To a hiring manager, this question demonstrates maturity and awareness, and if you’re hired, the answers can help you avoid the pitfalls of being new.
“What Excites You About Coming into Work?”

Murshed Chowdhury, CEO of Infusive Solutions, a specialized staffing firm in New York City, suggests that candidates ask the interviewer, “What excites you about coming into work every day?”
“This is a role reversal question that we often suggest candidates ask,” he says. People love the opportunity to talk about themselves, so this question provides an excellent chance to learn about the hiring manager and find ways to establish common ground.
“This is also a great opportunity for the candidate to determine whether he/she is excited by the same things that excite the hiring manager to see if the culture is a good fit,” Chowdhury adds.
The Bottom Line

Although it is important to provide a great first impression to a potential employer, as well as acing the basics of a job interview, closing the interview strong is just as important.
“Prove to your interviewer that you want this position and you are in this for the right reasons, not simply to fill your day with something to do,” Rose says. Ask these questions before you leave, and leave your potential new employer with a great impression.
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Old 2013-01-20, 12:00 PM   #2
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I'd personally be annoyed by that first question.

When I conduct interviews and open up for questions at the end, I don't want to be asked pointed questions like "is there any reason why you wouldn't hire me?". If there was, I'm not going to directly tell you about it as it's likely simply a matter of there being a better candidate, and that candidate might not have come along yet, so I'm not going to string them along either and give false expectations. It would force me to come up with some PC response that I'd be faking and in turn, end the interview with a sour taste in my mouth.

The other 3 are good, but I prefer less generic questions and more questions directly related to the position. What the project is, what their role expectations are, What the team dynamics are like, etc.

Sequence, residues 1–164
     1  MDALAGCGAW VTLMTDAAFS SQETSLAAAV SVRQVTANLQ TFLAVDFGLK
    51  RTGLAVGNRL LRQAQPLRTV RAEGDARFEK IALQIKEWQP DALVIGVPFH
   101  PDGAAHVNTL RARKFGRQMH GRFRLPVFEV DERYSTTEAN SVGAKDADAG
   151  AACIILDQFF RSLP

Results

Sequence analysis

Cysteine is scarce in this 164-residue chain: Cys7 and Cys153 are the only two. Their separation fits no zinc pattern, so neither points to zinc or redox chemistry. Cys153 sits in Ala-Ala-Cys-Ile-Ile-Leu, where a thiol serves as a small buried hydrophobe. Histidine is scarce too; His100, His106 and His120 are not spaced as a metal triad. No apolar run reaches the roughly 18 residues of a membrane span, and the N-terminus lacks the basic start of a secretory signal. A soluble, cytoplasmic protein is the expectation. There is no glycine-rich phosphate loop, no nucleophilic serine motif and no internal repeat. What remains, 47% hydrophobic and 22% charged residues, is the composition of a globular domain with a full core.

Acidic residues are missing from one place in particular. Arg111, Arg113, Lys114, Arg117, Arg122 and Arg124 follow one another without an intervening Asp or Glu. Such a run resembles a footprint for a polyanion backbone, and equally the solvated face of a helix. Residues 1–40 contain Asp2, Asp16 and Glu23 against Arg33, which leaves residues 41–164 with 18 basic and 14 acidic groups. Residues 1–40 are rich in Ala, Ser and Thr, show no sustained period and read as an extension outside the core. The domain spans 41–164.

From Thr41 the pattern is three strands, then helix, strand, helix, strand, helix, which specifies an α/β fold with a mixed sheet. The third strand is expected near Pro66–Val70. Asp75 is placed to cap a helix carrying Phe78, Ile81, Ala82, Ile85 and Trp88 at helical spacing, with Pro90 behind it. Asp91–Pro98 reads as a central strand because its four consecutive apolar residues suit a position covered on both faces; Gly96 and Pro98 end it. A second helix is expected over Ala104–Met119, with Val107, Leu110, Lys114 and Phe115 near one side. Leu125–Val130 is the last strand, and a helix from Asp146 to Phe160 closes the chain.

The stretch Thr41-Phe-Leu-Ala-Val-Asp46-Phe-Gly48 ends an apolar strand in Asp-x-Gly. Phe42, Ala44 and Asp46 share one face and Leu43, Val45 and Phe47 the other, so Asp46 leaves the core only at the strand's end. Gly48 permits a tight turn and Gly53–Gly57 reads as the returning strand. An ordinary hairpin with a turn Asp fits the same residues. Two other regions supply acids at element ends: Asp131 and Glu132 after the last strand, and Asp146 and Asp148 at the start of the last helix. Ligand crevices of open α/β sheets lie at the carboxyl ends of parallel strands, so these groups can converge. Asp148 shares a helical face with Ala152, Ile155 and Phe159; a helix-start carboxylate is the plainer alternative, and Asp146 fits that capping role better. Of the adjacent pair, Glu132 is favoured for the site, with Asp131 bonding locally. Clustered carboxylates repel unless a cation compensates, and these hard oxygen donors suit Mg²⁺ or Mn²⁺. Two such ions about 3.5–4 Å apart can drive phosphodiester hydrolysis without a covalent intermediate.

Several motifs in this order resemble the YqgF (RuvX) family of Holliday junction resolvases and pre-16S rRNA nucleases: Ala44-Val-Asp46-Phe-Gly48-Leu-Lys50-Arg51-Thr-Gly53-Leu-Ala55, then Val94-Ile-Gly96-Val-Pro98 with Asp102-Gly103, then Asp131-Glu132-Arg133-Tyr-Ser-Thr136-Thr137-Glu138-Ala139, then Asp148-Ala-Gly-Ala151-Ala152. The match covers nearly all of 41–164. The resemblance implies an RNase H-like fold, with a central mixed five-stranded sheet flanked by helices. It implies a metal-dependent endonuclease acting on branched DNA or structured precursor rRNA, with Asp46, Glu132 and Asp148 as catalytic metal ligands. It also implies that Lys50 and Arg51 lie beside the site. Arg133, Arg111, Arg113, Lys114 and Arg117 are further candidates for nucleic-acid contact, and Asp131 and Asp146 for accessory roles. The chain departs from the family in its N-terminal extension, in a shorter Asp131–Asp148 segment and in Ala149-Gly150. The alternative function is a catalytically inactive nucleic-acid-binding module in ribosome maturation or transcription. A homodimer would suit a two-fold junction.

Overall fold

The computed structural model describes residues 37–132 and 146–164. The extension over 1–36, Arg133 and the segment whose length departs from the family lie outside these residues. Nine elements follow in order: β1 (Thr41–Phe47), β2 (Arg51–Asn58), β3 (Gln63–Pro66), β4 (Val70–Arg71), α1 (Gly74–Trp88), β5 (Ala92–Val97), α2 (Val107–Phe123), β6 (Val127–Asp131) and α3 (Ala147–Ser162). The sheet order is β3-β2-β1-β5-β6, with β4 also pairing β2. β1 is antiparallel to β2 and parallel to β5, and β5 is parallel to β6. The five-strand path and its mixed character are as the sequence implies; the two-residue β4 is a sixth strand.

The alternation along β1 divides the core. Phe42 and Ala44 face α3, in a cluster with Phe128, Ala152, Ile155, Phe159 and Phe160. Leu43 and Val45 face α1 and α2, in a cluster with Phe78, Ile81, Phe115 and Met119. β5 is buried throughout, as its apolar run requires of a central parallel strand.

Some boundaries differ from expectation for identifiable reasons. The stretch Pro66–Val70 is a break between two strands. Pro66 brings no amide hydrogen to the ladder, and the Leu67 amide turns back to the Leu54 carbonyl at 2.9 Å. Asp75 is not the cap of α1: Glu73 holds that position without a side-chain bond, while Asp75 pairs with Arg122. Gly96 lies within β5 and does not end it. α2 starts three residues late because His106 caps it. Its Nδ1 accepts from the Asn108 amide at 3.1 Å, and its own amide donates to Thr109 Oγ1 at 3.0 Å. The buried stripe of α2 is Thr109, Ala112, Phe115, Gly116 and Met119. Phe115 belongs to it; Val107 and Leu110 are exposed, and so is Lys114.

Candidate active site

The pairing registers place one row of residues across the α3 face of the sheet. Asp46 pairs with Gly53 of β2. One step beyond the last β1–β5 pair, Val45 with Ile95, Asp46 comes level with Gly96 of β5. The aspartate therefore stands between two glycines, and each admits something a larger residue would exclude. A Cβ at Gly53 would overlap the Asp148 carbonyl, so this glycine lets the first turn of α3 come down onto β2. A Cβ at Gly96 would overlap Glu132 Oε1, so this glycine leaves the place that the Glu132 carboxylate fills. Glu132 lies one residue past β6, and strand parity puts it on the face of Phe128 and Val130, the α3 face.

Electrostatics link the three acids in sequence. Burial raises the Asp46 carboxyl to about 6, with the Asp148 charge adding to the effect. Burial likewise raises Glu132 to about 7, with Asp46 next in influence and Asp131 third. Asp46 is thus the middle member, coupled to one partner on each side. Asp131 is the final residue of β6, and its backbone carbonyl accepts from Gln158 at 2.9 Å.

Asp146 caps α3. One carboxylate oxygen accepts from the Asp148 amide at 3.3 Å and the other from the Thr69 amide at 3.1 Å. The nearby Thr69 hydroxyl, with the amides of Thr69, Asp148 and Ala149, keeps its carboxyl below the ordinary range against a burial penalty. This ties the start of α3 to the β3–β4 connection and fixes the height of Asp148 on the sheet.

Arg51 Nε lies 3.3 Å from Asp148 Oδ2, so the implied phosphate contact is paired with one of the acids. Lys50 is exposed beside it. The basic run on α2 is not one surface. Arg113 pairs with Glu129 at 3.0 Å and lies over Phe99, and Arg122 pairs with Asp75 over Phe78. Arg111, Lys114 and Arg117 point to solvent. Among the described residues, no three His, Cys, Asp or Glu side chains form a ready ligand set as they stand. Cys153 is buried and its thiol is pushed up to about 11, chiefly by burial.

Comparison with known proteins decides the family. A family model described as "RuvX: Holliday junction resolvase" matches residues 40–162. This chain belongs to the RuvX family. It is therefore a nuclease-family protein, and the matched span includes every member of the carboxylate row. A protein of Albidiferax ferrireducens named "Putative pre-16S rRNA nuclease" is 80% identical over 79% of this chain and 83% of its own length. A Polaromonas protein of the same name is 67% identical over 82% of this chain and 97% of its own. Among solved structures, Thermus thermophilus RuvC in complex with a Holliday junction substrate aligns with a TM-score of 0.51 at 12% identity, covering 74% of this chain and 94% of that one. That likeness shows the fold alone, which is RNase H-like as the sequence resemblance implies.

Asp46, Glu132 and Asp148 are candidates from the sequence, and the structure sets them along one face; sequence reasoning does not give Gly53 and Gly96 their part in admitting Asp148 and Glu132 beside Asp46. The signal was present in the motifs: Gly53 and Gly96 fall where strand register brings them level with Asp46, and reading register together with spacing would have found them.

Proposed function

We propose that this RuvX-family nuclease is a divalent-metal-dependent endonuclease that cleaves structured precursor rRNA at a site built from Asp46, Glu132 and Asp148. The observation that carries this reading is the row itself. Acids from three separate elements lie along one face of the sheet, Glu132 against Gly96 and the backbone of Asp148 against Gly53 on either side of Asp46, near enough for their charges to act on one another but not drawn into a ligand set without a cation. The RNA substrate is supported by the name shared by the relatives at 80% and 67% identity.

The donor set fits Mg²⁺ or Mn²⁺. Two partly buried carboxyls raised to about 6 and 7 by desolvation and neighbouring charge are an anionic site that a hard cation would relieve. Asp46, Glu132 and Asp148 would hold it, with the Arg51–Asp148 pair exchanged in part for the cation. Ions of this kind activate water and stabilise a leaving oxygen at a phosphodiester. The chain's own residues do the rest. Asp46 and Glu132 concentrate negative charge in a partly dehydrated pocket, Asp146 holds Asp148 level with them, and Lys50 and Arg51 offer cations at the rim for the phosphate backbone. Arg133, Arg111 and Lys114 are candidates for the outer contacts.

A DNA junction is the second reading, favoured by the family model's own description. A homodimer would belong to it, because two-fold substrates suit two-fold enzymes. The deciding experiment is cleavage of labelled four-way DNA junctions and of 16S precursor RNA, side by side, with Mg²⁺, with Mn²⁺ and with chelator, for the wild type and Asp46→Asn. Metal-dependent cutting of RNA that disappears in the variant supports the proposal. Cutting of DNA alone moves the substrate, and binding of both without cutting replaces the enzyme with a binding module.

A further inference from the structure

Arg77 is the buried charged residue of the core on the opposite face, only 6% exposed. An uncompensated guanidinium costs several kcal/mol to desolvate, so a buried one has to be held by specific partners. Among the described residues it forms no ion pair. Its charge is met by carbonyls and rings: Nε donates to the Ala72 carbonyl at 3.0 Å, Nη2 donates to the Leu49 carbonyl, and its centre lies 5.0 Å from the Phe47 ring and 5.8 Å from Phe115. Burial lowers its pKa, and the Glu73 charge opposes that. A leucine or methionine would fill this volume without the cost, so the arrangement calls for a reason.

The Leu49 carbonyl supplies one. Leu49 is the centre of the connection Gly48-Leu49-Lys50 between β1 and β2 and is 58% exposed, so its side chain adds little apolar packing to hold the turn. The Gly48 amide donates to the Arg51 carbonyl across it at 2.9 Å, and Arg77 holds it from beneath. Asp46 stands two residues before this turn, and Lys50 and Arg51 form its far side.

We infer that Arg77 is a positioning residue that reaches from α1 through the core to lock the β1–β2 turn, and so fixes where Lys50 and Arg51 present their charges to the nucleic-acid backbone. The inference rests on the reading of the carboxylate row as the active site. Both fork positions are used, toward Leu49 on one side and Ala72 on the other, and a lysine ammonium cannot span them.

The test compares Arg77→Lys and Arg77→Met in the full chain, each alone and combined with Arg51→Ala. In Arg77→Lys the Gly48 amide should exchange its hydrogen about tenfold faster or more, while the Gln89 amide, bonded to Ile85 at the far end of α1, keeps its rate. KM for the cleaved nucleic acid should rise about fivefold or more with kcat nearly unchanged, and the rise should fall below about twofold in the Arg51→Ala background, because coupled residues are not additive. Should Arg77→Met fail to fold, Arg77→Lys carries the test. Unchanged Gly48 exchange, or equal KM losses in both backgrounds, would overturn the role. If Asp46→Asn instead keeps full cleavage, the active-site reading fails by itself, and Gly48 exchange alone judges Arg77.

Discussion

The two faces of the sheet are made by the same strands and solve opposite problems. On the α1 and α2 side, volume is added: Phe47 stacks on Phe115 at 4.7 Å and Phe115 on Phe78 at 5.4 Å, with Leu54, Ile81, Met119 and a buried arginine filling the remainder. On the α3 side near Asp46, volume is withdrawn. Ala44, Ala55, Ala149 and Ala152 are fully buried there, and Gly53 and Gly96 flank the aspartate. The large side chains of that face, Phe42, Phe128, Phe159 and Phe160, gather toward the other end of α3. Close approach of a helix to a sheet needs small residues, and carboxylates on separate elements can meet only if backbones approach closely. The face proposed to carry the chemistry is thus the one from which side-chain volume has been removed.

The generic questions (as well as introduction statements, canned thank you's, etc) sound insincere and rehearsed. I much prefer a candidate that thinks and speaks on the fly, has questions specifically around what was discussed in the interview, etc.

Just my .02...I've interviewed probably 30+ people in the past 3 years or so. I'm also not a very conventional interviewer though. I hate stuffy interviews that are impersonal where it's a one way conversation.
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Old 2013-01-20, 03:08 PM   #3
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Originally Posted by Scooby24 View Post
I'd personally be annoyed by that first question.

When I conduct interviews and open up for questions at the end, I don't want to be asked pointed questions like "is there any reason why you wouldn't hire me?". If there was, I'm not going to directly tell you about it as it's likely simply a matter of there being a better candidate, and that candidate might not have come along yet, so I'm not going to string them along either and give false expectations. It would force me to come up with some PC response that I'd be faking and in turn, end the interview with a sour taste in my mouth.

The other 3 are good, but I prefer less generic questions and more questions directly related to the position. What the project is, what their role expectations are, What the team dynamics are like, etc.